But they had these fake bottles of booze – a fake bottle of brandy for John, at that time I drank vodka so a fake bottle of vodka for me. We did a couple of takes and I said, “You know what, it’s going to look a lot better if we just actually drink.” We weren’t going to get out of hand, it was just going to be fun. So they foolishly said yes, and of course we just got hammered.
The director said, “we’ll send you home, John, and we’ll keep Jim for some additional shots. He had the limo drive him home, the same guy that drove him there. When we go back to work about an hour and a half later, we get a phone call from the limousine driver, who says “John doesn’t know where he lives.” He’d forgotten where he lived!
As most people in this country will know, John Farnham is a powerhouse of a singer.
Whether it’s on record or on stage, the guy knows how to deliver. The first time I sang with him I remember standing on the side watching him sing, and he got better and better and better and better. By the time the seventh song came in, and I’m going to start singing on the eighth, I was absolutely panicking. He’s such a great singer. Every time I’ve sung with John, I’ve had to be on top of my game. I don’t know many people in the world who have a tone that pure, who have a range like that, and have a feel that he does. It’s just unbelievable.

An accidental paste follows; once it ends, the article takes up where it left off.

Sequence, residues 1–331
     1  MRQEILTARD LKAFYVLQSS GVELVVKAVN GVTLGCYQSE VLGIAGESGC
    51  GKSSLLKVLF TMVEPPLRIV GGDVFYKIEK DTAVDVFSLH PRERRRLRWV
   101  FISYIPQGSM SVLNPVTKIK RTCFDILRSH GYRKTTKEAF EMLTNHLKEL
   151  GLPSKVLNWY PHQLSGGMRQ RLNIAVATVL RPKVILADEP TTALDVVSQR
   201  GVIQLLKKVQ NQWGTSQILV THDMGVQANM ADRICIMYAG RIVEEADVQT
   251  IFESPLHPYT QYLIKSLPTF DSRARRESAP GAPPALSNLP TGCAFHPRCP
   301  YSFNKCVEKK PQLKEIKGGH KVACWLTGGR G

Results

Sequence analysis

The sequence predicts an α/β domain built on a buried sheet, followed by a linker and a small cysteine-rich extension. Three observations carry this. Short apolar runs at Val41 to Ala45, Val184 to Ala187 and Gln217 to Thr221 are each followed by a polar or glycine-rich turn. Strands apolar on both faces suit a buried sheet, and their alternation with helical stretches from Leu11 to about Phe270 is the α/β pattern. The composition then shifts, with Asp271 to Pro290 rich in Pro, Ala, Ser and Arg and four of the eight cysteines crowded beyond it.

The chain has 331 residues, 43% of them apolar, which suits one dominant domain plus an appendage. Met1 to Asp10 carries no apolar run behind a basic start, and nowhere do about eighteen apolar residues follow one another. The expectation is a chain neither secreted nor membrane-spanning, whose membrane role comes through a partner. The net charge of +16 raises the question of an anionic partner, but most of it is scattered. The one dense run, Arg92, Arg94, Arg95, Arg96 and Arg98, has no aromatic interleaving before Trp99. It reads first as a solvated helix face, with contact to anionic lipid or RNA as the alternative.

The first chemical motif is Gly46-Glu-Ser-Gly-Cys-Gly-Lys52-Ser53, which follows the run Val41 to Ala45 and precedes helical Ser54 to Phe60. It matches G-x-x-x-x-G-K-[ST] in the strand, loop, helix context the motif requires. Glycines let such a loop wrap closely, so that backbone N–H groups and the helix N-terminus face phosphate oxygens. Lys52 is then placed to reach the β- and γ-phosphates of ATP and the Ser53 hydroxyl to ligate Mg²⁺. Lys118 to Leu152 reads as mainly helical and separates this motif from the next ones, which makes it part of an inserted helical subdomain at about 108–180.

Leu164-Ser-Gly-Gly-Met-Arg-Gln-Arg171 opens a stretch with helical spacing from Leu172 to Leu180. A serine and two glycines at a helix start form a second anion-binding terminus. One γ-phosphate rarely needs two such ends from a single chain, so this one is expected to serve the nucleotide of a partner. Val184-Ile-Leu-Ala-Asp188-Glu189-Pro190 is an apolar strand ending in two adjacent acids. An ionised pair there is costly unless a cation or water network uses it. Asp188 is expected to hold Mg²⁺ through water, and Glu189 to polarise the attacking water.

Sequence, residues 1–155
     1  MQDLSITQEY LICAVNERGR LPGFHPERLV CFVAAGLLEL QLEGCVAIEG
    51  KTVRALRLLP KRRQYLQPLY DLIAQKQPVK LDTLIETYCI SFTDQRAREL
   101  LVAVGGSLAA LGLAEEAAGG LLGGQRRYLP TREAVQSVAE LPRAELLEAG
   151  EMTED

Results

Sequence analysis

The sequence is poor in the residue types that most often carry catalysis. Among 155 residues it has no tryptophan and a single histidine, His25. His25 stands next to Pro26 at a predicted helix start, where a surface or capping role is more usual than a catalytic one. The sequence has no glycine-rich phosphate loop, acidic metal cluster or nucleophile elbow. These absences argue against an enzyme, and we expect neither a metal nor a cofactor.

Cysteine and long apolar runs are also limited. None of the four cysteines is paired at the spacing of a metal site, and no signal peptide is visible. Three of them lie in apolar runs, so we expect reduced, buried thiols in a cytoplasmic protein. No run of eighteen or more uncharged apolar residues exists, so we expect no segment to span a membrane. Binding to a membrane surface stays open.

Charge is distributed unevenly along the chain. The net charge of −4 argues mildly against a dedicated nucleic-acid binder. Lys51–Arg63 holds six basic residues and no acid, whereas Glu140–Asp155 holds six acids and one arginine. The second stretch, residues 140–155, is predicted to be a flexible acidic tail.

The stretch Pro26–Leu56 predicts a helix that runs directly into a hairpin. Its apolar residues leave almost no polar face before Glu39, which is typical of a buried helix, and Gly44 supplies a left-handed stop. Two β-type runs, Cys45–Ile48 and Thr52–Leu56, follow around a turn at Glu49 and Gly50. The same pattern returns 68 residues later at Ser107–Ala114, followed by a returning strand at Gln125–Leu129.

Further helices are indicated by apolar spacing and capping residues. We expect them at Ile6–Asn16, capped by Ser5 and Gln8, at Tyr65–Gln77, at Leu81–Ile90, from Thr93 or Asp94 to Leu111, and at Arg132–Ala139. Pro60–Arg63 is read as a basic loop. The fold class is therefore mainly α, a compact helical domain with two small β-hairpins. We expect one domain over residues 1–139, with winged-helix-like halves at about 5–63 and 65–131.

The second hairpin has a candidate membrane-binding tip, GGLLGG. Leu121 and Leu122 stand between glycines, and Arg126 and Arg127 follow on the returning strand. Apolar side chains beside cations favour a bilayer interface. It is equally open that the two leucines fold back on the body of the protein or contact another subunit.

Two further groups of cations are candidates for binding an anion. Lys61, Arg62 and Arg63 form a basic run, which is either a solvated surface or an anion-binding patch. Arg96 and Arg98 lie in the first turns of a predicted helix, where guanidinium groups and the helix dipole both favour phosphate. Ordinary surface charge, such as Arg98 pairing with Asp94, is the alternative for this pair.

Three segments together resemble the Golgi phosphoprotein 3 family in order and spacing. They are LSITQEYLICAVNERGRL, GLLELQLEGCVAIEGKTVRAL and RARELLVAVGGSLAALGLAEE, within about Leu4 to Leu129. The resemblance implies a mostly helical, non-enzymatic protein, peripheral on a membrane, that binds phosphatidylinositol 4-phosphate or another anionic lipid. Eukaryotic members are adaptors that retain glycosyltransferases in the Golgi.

That album (Soul Deep) went on to become the biggest album I’ve ever had, and I’ve got to say a large part of that was just the sheer joy of singing with John Farnham.
When I started making this record, Pierre (Baroni) was like my library.
I’d go to Pierre and ask him about songs. And you’d say, “Pierre, when did this song come out?” And he’d tell you not only when it came out, but also what studio it was written in, what time they recorded the vocal, who played the horns, who went and made lunch, he knew everything about every song.